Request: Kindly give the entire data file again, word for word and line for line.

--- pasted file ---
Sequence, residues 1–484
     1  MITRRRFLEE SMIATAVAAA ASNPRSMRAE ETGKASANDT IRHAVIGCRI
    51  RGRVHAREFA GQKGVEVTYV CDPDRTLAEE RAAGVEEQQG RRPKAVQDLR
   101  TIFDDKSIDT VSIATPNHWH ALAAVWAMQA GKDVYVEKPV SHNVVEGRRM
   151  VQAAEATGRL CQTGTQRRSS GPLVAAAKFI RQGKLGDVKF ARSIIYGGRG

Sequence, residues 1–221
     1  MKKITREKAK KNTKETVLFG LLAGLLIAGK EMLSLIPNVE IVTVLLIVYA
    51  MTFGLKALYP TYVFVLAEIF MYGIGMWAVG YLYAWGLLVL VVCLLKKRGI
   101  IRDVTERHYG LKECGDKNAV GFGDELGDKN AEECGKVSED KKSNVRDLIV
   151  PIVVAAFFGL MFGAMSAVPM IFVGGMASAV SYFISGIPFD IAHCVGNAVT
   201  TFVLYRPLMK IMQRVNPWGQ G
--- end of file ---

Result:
Sequence, residues 1–484
     1  MITRRRFLEE SMIATAVAAA ASNPRSMRAE ETGKASANDT IRHAVIGCRI
    51  RGRVHAREFA GQKGVEVTYV CDPDRTLAEE RAAGVEEQQG RRPKAVQDLR
   101  TIFDDKSIDT VSIATPNHWH ALAAVWAMQA GKDVYVEKPV SHNVVEGRRM
   151  VQAAEATGRL CQTGTQRRSS GPLVAAAKFI RQGKLGDVKF ARSIIYGGRG

Sequence, residues 1–221
     1  MKKITREKAK KNTKETVLFG LLAGLLIAGK EMLSLIPNVE IVTVLLIVYA
    51  MTFGLKALYP TYVFVLAEIF MYGIGMWAVG YLYAWGLLVL VVCLLKKRGI
   101  IRDVTERHYG LKECGDKNAV GFGDELGDKN AEECGKVSED KKSNVRDLIV
   151  PIVVAAFFGL MFGAMSAVPM IFVGGMASAV SYFISGIPFD IAHCVGNAVT
   201  TFVLYRPLMK IMQRVNPWGQ G